parts? I thought of changing the name to 'London particular;' but my
lawyer says the brewers would bring an action against me.

"I was going down to your neighbourhood - to your friend the duke's,
at least. But I am prevented by my poor doctor, who is so weak that
I must take him to Malvern. It is a great bore; but I have the
satisfaction that I do my duty by him!

"Your cousin George is to be married at last. So I hear, at least.
He loves wisely, if not well; for his widow has the name of being
prudent and fairly well to do in the world. She has got over the
caprices of her youth. Dear Aunt de Courcy will be so delighted. I
might perhaps have met her at Gatherum Castle. I do so regret it.

"Mr Moffat has turned up again. We all thought you had finally
extinguished him. He left a card the other day, and I have told the
servant always to say that I am at home, and that you are with me. He
is going to stand for some borough in the west of Ireland. He's used
to shillelaghs by this time.

"By the by, I have a _cadeau_ for a friend of yours. I won't tell you
what it is, nor permit you to communicate the fact. But when you tell
me that in sending it I may fairly congratulate her on having so
devoted a slave as you, it shall be sent.

"If you have nothing better to do at present, do come and see my
invalid at Malvern. Perhaps you might have a mind to treat for the
oil of Lebanon. I'll give you all the assistance I can in cheating my

There was not much about Mary in this; but still, the little that was
said made him again declare that neither father nor mother should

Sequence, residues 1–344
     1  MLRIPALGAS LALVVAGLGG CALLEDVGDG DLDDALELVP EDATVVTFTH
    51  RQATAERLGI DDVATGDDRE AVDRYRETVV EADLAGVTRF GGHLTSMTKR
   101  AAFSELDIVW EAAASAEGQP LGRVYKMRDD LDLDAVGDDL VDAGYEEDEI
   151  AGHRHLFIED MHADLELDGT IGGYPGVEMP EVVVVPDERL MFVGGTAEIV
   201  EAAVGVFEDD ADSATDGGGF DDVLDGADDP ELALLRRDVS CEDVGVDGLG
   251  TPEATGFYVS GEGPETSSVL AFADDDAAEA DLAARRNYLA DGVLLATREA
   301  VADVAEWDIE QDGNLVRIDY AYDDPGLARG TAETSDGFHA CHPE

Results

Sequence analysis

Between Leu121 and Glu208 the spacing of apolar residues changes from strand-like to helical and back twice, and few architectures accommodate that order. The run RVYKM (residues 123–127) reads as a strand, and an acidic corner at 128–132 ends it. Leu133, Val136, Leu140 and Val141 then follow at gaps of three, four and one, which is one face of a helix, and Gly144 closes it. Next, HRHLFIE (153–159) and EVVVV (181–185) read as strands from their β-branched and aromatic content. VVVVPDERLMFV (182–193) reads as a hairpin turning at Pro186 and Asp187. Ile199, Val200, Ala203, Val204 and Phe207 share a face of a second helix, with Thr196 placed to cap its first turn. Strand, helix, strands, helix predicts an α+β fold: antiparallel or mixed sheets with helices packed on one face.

move him from his resolution. "I will write to her and say that she
may send her present when she pleases. Or I will run down to Malvern
for a day. It will do me good to see her." And so resolved, he rode
away to Mill Hill, thinking, as he went, how he would put the matter
to Harry Baker.

Harry was at home; but we need not describe the whole interview. Had
Frank been asked beforehand, he would have declared, that on no
possible subject could he have had the slightest hesitation in asking
Harry any question, or communicating to him any tidings. But when the
time came, he found that he did hesitate much. He did not want to ask
his friend if he should be wise to marry Mary Thorne. Wise or not, he
was determined to do that. But he wished to be quite sure that his
mother was wrong in saying that all the world would dissuade him from
it. Miss Dunstable, at any rate, did not do so.

At last, seated on a stile at the back of the Mill Hill stables,
while Harry stood close before him with both his hands in his
pockets, he did get his story told. It was by no means the first
time that Harry Baker had heard about Mary Thorne, and he was not,
therefore, so surprised as he might have been, had the affair
been new to him. And thus, standing there in the position we have
described, did Mr Baker, junior, give utterance to such wisdom as was
in him on this subject.

"You see, Frank, there are two sides to every question; and, as I
take it, fellows are so apt to go wrong because they are so fond of
one side, they won't look at the other. There's no doubt about it,
Lady Arabella is a very clever woman, and knows what's what; and
there's no doubt about this either, that you have a very ticklish
hand of cards to play."

"I'll play it straightforward; that's my game" said Frank.

"Well and good, my dear fellow. That's the best game always. But what
is straightforward? Between you and me, I fear there's no doubt that
your father's property has got into a deuce of a mess."

"I don't see that that has anything to do with it."

"Yes, but it has. If the estate was all right, and your father could
give you a thousand a year to live on without feeling it, and if your
eldest child would be cock-sure of Greshamsbury, it might be very
well that you should please yourself as to marrying at once. But
that's not the case; and yet Greshamsbury is too good a card to be
flung away."

"I could fling it away to-morrow," said Frank.

"Ah! you think so," said Harry the Wise. "But if you were to hear